After two victories in violent and allegedly rigged state governorship elections over the weekend, Nigeria's ruling party consolidates power with local electionwins. In Nigeria, where governors have significant authority and incidents of violence, murder, and intimidation of voters are frequent, state elections are hotly contested.
An election official was kidnapped prior to the vote, and there were other reports of fatal shootings despite a strong security presence. Three states held polls on Saturday.
The All Progressives Congress (APC), the ruling party in Nigeria, won governorship elections last Saturday in two of the three states that were conducting them. The battle was widely observed. Violence and allegations of electoral fraud marred the polls in the central state of Kogi, the southern state of Bayelsa, and the southeast state of Imo.
Because state governors in Nigeria have so many powers, governorship elections are usually fiercely contested. Even with the deployment of heavy security, local media claimed multiple deaths and the reported kidnapping of an Independent National Electoral Commission (Inec) official throughout the process.
According to official tallies, the APC, led by President Bola Ahmed Tinubu, triumphed in Imo State, where the incumbent governor, Hope Uzodinma, won a second term with 540,308 votes, more than his opponent's 71,503 votes. Furthermore, the APC maintained its hold on power in Kogi State, where Ahmed Usman Ododo emerged victorious with almost 446,000 votes, trailed only by the Social Democratic Party (SDP) with 259,000 votes.
But in Bayelsa State, the opposition People's Democratic Party (PDP) candidate and outgoing governor Douye Diri won with 175,196 votes, beating the APC candidate who received 110,108 votes.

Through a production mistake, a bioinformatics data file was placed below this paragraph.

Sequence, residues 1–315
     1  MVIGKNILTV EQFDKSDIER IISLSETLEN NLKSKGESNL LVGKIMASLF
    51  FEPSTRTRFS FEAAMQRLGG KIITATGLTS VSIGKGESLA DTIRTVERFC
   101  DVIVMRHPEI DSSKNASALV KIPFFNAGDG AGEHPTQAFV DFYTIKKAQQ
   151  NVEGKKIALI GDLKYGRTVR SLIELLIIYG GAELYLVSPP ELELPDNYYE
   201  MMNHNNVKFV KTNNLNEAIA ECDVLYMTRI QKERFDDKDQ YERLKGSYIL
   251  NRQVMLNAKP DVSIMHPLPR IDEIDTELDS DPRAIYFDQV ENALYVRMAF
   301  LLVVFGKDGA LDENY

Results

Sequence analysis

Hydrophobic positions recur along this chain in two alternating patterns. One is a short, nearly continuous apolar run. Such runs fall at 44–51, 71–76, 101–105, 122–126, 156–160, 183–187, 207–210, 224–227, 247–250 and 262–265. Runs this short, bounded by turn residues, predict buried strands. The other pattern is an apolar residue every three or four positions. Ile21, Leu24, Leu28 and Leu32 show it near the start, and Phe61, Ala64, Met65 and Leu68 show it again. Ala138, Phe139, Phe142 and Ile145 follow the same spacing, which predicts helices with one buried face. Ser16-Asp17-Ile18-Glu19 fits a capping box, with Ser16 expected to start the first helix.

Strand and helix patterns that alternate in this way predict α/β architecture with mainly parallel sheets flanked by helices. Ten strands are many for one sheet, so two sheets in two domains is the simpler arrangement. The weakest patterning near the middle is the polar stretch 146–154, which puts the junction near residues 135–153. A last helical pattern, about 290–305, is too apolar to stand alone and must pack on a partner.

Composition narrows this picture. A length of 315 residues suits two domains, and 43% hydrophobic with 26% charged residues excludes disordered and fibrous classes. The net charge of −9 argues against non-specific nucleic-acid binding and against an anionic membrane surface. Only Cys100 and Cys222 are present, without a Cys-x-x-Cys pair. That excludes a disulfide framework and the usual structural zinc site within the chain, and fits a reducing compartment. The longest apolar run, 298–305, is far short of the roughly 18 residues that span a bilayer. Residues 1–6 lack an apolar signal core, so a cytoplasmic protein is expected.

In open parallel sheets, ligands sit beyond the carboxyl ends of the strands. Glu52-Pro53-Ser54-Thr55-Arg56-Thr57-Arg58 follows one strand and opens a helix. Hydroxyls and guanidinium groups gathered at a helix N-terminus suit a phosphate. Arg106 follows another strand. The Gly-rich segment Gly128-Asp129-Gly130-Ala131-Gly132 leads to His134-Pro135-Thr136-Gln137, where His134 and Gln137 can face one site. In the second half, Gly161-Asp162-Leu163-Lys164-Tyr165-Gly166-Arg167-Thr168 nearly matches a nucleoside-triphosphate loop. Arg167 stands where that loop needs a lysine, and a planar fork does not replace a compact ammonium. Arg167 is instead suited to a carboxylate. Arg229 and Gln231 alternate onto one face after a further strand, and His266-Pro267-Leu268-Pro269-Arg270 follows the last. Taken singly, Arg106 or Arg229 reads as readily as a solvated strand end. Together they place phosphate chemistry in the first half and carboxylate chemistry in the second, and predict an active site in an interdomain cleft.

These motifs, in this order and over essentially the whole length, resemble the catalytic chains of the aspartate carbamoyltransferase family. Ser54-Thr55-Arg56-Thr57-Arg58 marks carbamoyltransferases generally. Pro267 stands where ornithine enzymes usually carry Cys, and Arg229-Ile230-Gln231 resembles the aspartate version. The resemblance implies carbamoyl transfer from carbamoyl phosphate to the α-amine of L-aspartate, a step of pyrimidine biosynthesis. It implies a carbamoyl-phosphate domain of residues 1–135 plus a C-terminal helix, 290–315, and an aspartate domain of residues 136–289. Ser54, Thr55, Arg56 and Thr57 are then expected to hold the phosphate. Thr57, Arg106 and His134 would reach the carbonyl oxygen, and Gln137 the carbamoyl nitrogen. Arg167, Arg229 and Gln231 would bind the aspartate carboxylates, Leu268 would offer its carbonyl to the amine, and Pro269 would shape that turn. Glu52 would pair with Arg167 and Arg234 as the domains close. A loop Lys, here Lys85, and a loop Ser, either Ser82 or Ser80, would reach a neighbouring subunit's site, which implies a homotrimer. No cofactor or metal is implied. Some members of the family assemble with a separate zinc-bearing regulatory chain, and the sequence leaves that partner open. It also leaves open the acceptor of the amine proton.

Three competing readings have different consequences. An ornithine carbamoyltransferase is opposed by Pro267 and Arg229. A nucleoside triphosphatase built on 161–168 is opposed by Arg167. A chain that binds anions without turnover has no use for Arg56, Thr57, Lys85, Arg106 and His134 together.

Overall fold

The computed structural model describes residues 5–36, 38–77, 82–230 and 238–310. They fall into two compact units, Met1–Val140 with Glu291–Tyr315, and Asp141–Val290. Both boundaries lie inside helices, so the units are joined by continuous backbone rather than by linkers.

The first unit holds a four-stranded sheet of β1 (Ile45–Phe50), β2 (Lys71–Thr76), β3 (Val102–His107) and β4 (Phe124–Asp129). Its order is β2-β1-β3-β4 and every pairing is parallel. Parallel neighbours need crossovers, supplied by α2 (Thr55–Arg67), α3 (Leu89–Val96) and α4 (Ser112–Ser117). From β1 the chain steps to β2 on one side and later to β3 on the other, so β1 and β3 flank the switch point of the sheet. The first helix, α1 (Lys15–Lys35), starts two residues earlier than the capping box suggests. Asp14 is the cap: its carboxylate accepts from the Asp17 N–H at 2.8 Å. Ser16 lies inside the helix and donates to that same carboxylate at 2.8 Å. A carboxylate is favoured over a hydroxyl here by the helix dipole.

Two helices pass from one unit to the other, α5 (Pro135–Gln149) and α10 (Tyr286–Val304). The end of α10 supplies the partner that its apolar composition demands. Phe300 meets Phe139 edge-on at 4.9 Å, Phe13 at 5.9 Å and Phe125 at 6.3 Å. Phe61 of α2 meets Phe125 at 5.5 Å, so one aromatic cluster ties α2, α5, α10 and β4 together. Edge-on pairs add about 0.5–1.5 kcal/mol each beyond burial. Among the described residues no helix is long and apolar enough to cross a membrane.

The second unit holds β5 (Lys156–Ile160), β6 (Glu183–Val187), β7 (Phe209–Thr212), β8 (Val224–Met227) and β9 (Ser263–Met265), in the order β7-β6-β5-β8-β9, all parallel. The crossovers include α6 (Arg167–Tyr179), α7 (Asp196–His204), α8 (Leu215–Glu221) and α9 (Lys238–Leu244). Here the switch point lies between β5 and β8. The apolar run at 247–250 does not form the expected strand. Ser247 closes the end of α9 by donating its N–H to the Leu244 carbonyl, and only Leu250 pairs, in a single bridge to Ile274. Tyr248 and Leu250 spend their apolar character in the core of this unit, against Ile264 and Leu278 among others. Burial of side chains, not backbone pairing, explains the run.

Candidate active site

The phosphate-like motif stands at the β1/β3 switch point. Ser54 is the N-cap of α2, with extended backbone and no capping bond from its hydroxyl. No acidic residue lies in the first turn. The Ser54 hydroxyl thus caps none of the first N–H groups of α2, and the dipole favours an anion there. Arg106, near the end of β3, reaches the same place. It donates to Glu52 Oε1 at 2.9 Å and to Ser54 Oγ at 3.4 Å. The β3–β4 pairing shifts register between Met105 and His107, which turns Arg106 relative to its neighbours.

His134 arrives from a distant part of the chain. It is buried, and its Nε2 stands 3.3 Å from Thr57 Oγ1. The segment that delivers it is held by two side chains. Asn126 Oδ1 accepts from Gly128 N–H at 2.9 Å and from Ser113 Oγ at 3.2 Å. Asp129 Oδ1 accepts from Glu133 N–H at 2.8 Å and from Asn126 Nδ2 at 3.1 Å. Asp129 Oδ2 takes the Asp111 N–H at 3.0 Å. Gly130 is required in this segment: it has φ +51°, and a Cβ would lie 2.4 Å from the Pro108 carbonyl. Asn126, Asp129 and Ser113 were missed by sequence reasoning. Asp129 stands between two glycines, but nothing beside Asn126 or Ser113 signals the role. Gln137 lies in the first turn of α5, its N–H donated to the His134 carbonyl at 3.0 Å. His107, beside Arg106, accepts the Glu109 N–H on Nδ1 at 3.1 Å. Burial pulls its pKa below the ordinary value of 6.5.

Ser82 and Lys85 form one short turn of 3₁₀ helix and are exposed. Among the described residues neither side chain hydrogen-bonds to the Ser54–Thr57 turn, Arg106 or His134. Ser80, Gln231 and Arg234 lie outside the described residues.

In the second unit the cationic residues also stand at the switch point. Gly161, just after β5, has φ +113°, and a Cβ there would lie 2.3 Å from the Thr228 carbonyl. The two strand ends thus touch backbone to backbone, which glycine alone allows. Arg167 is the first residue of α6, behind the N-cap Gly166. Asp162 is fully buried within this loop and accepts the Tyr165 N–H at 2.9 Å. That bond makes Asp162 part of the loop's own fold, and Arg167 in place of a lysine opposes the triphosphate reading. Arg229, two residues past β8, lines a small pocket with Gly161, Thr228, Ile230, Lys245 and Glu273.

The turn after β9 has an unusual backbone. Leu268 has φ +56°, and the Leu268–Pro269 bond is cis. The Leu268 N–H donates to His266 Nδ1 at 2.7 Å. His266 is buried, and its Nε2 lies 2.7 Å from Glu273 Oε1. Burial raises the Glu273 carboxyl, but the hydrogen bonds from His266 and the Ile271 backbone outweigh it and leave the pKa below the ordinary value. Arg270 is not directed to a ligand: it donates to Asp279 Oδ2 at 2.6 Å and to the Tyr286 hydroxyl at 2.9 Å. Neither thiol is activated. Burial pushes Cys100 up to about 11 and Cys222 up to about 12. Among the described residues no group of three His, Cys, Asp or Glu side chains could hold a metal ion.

Now, the PDP controls 13 states in Nigeria, while the APC controls 20 of the country's 36 states. Parties other than the APC or PDP are in charge of the remaining three states.
A number of polling places had minimal turnout, which the election monitoring organization, the Center for Democracy and Development (PDFD), attributed to voters' fear of violence. Poll-watching groups and Nigerian media reported on a number of fatal shooting events, including one where troops were allegedly shot trying to stop a man in Anyigba, Kogi State, from fleeing with a ballot box. Requests for comments on the subject have not received a response from the army or the police.
Vote-buying was another issue brought up by the CDD, as there were rumors of people trading votes for rice during the election.
The work of the electoral commission was closely watched, particularly in light of the backlash against President Bola Ahmed Tinubu's election victory earlier in the year. The opposition had protested about technical difficulties and delays in the release of the results, alleging they created the potential for election fraud. In order to guarantee "free, fair, and credible" elections, the electoral commission, or Inec, claimed to have taken all required precautions.
Inec declared the release of one of its workers who had been abducted in Bayelsa State in a different incident. The panel found that over 5,000 voters in the state were impacted when a boat containing election paperwork overturned.
Nigeria has a history of electoral violence since the end of military rule in 1999, and election results are frequently challenged in court.
In Nigeria, where leaders are very powerful, state elections are very contested. There are often fights, killings, and attempts to scare voters. Violence and claims of vote fraud marked the weekend of state governorship elections in Nigeria, which gave the ruling party two more wins and strengthened its grip on power.
Following "inconclusive" results in March, the governor's race in the northern state of Kebbi was rerun, and the governing party of Nigeria emerged victorious. After the local representative of the Electoral Commission (INEC) assumed the post of returning officer, the results collection in another state, northeastern Adamawa, where a poll had to be rescheduled for the same reasons, was put on hold.